“The good divers always live,” James drilled into all of his students. It was a reassuring statement, but it was also a mnemonic device for remembering the essentials of dive safety — training, guideline, depth, air and light. The guideline would stop them getting lost and be their way back out in case they got turned around or disoriented. Additionally, if too much silt or debris was kicked up, it would allow them to leave the cave even if they couldn’t see. Nancy brushed against the line as they began to swim down, deep into the heart of the cave. It was a reassuring sight when she turned back to look at the mouth of the cave — a lifeline, stretching back up toward the surface, where there was light and air aplenty. Not that there wasn’t air down here. They each had a full tank, and the training that meant they’d make the absolute most of it. James usually operated by the rule of thirds — when your tank reached two-thirds capacity, it was time to turn around and head back. One third of the air for the trip down, one third for the trip back, and one third for emergencies — like if one of your buddies needed to share your air.

Thankfully, the stringent safety protocols followed by the school meant Nancy had never been in that situation… but nevertheless, it paid to be prepared. The deeper you dove, the more quickly you’d consume air — so Nancy, who loved being under for as long as possible, was thrilled to see that the cave system was reasonably shallow. It extended horizontally, rather than vertically, which meant that they could spend a good chunk of time exploring before they’d need to turn around and head back for the surface to change tanks. They’d brought enough equipment for three or four dives, depending on how they went for time. Hannah was in charge of maintaining the guideline, making sure it didn’t snag on anything or fall into any traps. James had claimed the role of photographer — it made sense, Nancy thought with amusement, what with his obsession with lighting. He was photographing the initial cavern they had swum into, and she added her own light to his, making sure that the photos would be clear. They’d start sketching out a map when they got back to the surface. For now, it was wonderful just to be exploring. Nancy checked her air — only a tenth down.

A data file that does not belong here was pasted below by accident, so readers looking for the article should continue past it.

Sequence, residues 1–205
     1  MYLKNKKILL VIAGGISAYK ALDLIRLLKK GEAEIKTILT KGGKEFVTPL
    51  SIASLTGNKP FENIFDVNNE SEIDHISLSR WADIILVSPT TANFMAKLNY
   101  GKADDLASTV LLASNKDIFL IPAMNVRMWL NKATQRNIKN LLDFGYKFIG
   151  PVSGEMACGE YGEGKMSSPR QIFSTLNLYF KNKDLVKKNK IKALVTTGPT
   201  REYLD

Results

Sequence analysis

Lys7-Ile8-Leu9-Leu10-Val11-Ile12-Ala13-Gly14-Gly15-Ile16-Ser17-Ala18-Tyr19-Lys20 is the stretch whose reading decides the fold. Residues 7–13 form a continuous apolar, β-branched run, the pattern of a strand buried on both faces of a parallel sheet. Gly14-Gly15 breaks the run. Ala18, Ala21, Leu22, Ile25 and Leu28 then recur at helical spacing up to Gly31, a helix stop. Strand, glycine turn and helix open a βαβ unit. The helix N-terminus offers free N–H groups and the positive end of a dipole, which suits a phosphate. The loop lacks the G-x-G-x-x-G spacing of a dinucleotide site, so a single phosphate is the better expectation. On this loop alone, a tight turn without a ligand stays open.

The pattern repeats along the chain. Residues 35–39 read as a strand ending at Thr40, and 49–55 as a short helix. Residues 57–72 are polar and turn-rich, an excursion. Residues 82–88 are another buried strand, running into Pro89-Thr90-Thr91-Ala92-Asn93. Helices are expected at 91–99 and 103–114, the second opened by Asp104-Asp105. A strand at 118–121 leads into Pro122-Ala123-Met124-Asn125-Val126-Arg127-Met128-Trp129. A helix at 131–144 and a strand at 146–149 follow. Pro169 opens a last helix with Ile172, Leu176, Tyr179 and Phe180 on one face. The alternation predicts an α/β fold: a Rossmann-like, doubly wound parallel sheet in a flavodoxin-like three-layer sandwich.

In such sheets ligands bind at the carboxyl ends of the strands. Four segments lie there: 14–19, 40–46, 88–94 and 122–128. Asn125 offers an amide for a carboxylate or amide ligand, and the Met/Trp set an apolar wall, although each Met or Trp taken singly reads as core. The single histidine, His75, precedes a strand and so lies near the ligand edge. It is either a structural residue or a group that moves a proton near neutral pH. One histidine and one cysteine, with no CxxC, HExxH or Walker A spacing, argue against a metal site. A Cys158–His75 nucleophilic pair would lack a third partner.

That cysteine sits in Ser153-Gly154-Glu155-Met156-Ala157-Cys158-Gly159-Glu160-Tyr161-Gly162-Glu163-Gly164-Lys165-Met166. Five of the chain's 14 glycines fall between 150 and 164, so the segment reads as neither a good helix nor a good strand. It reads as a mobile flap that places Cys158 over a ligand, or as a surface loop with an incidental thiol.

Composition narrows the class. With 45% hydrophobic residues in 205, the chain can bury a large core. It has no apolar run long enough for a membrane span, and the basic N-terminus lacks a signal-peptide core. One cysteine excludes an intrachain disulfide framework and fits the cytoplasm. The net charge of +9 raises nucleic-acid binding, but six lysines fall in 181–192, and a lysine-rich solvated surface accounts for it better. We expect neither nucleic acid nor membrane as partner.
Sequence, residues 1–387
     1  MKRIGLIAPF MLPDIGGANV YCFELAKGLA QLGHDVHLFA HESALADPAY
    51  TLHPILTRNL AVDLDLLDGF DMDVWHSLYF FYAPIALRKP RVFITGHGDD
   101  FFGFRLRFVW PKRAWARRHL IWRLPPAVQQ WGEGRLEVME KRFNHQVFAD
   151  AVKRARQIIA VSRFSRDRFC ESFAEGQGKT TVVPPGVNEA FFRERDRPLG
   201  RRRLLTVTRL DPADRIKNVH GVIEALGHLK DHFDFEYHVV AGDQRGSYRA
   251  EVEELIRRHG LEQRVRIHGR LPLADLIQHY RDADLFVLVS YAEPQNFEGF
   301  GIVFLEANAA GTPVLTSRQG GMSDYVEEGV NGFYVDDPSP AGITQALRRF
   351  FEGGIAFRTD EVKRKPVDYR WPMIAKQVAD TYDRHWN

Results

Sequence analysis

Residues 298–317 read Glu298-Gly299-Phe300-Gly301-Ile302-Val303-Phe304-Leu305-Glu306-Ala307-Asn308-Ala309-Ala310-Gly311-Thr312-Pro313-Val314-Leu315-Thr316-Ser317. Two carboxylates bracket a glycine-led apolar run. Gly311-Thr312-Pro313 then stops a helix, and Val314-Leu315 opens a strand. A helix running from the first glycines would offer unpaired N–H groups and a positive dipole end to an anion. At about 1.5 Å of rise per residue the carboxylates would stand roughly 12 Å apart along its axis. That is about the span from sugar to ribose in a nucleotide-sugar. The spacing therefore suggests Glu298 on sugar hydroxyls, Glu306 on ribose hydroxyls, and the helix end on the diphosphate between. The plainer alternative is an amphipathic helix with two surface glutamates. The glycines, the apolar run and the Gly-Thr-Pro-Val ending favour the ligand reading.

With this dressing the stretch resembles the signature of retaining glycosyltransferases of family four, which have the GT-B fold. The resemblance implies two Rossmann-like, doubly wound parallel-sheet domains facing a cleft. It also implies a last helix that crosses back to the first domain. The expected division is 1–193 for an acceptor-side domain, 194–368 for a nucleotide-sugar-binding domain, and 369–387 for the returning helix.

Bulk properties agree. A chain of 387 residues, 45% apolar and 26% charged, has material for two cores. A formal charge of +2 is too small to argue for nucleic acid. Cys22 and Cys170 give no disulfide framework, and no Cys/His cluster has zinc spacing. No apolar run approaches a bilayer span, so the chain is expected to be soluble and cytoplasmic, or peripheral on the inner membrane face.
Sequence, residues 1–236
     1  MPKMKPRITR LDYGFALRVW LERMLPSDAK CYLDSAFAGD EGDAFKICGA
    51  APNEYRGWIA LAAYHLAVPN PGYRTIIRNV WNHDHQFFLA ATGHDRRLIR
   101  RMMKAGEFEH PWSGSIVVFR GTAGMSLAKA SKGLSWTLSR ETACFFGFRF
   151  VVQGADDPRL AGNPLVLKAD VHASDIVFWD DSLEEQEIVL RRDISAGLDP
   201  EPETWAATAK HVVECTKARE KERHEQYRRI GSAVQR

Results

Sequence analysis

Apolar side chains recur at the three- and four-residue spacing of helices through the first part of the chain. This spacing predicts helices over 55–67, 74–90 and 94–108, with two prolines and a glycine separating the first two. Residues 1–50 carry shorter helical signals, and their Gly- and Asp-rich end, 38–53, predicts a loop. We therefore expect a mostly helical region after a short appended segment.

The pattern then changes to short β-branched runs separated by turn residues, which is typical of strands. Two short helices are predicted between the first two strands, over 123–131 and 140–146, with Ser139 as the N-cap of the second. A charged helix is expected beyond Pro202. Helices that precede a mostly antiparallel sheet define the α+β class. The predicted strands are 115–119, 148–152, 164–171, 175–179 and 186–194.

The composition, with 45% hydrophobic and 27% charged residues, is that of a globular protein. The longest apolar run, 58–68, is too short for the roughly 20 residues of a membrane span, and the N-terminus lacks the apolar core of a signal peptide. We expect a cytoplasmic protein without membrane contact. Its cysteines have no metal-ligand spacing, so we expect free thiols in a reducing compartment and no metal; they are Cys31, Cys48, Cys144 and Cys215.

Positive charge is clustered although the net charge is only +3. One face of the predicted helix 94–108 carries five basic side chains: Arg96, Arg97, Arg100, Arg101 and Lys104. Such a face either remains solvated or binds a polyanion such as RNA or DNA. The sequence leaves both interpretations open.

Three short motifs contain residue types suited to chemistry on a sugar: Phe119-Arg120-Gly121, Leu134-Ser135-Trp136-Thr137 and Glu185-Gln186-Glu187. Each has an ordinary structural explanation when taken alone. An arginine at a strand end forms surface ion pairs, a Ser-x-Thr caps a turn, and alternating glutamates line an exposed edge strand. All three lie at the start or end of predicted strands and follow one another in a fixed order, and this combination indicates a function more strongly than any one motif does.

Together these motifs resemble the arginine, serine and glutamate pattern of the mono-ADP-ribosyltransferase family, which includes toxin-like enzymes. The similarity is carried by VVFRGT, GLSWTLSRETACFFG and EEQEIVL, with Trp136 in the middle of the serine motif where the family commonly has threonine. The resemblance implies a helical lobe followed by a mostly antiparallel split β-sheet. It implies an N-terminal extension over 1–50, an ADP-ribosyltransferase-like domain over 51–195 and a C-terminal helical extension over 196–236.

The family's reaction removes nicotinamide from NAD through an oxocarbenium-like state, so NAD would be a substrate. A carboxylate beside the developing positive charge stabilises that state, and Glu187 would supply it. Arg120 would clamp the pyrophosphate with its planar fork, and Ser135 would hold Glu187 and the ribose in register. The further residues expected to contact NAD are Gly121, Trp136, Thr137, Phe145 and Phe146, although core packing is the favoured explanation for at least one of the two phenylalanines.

Heaps of time left. She grinned under her mask, scanning the cave, then signaling to James and Hannah that they should move on to the next area. She could see a passage in the north wall of the initial cave space that looked promising — even bigger than the section they were in. A little part of her had never given up on the idea of finding some strange creature that nobody had seen before… not just a new species of fish or plant life, as some of her colleagues had successfully discovered on some of their cave-diving missions, but honest-to-God cryptozoological specimens. Her hopes weren’t high, of course, and she wouldn’t mention them to James — he teased her enough as it is — but still, that was part of the buzz of each new cave that she explored, that maybe there’d be a mermaid or a monster waiting for her around the bend. Hannah knew how much she liked being the first one into a space — the woman handed her the guideline, giving her a wink behind her mask. Nancy didn’t notice, as she swam through the entrance to the next cave with the guideline safely held in her gloved hand, that the rocks above the passageway weren’t as secure-looking as the others. And by the time she felt the frantic yanking on the safety line — Hannah, behind her, who’d seen something she hadn’t — it was too late. Halfway into the new cave, Nancy turned, her eyes widening behind her mask as she realized that the movement of the water stirred up by her passage had triggered a partial collapse in the rocks above the passageway. Nancy had trained for this.